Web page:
Sadly, novels about the war and about votes for women were largely ignored during the 1920s: the former was too raw and the latter ‘too remote to be topical & too recent to be innocuous’ (Edith Zangwill to a friend). Even the theme of a woman scientist in a man’s world was rather remote for the average novel-reader. Yet, as Elizabeth Day writes: ‘The Call gives a rare insight into a woman’s domestic life in the first two decades of the 20th century ... domestic details about running a house are, most unusually, given their due alongside Ursula’s political actions, elegantly making the point that a woman’s work behind closed doors is just as worthy of our attention as what goes on in the wider world. By making political points in the guise of a ‘woman’s novel’, the author stunningly reveals her commitment to feminism.’

For more on The Call, have a look at the Persephone Perspective

Endpaper

'Poppyland', a 1904 duplex-printed cotton manufactured for Liberty in 1912. © V&A Images. The poppies anticipate WWI and this colourway hints at purple, white and green.


Read What Readers Say

Madam J-Mo (blogger)

‘The Call’ is long, it’s sprawling and it calls on a catalogue of wondrous elements. It’s fair to say it’s one of my favourite ever Persephone Books (and I’ve read about two thirds of theirs to date). The title can be interpreted in a number of ways: Ursula’s scientific work, her devotion to women’s suffrage, her commitment to her fiancé, her objection to the violence of war, or her determination to invent a means of extinguishing the ‘liquid fire’ that the Germans are using during the war. Edith Ayrton Zangwill writes in an accessible and enjoyable way, and even the potentially tedious ‘science parts’ are not alienating to a non-science type such as me. The descriptions of suffrage life are hectic and consuming but the sections about Ursula’s prison experiences, especially the vivid and scalding descriptions of being on hunger and thirst strikes, are truly shocking. As they should be. This is a thoroughly compelling book.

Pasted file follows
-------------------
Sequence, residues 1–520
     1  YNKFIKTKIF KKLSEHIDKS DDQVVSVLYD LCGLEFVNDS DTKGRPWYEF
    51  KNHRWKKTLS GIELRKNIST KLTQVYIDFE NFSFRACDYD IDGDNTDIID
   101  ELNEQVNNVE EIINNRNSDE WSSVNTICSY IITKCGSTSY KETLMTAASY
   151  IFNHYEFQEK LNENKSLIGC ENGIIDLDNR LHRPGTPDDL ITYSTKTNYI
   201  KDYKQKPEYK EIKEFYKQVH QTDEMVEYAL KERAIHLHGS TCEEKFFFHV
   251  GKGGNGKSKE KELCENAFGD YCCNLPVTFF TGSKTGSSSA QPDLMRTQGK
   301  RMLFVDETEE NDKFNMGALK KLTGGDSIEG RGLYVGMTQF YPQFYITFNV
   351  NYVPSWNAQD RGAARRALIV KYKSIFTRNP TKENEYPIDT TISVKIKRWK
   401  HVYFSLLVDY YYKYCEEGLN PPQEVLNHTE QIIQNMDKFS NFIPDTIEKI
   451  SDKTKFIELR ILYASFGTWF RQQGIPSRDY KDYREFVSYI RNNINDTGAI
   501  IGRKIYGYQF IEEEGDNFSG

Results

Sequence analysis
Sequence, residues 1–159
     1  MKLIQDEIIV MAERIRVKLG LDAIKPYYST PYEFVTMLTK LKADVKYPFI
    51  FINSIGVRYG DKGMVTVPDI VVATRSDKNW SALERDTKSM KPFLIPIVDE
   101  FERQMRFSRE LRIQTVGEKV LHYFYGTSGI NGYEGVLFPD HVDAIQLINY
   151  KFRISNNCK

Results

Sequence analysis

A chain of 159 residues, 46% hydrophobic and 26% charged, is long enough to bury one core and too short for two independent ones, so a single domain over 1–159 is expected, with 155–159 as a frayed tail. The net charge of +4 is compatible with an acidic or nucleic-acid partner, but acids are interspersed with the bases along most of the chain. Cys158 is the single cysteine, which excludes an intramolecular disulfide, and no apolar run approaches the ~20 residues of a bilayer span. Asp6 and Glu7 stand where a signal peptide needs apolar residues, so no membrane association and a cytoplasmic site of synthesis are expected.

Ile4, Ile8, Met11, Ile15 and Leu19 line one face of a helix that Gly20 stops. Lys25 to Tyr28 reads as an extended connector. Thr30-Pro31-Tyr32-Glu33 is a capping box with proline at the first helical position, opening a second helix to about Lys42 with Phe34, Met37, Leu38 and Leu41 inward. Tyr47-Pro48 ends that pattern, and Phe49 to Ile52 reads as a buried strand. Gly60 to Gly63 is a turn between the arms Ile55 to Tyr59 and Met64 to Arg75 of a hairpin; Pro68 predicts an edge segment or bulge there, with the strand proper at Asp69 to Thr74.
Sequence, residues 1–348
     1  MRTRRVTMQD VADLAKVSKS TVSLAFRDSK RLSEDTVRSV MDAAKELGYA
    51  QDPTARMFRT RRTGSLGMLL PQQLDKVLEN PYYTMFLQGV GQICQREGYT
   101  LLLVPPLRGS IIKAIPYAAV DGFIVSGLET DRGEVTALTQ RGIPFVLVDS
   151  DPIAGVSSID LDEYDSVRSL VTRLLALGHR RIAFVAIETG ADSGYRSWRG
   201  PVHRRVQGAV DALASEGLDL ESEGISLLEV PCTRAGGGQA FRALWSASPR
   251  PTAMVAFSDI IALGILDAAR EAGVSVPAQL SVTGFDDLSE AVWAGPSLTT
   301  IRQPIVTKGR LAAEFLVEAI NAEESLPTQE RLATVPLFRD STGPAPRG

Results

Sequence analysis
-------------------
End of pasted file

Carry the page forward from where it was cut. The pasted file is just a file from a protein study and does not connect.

Beyond Eden Rock (blogger)

The best books are the ones that capture that capture all or part of a life – or lives – with real insight and beautiful expression, and the very best books do all of that and say something important both to its first readers and to readers who come to it years and years later. ‘The Call’ is one of the very best books; telling the story of a pioneering young woman scientist who becomes deeply involved in the campaign for votes for women. As I read I was to find that Edith Ayrton Zangwill was very good indeed at people, and at their interactions and relationships. The story telling was engaging and accessible and was wrapped up perfectly in a wonderfully dramatic and emotional conclusion. The mixture of human drama and social history is perfect.

BagFullofBooks (blogger)

‘The Call’ is an extraordinary story that sweeps the entirety of this very interesting but trying time in the history of men and women and their relative status in society. It is about militancy and pacifism and in the course of the novel we witness how the lines between these opposing ideals can get blurred to a certain extent. Do read ‘The Call’ if you get a chance. It is a story about an incredible group of women, who went to extraordinary ends to achieve women’s suffrage.

Categories: Education Family History London Love Story Politics Suffragettes Working Women WWI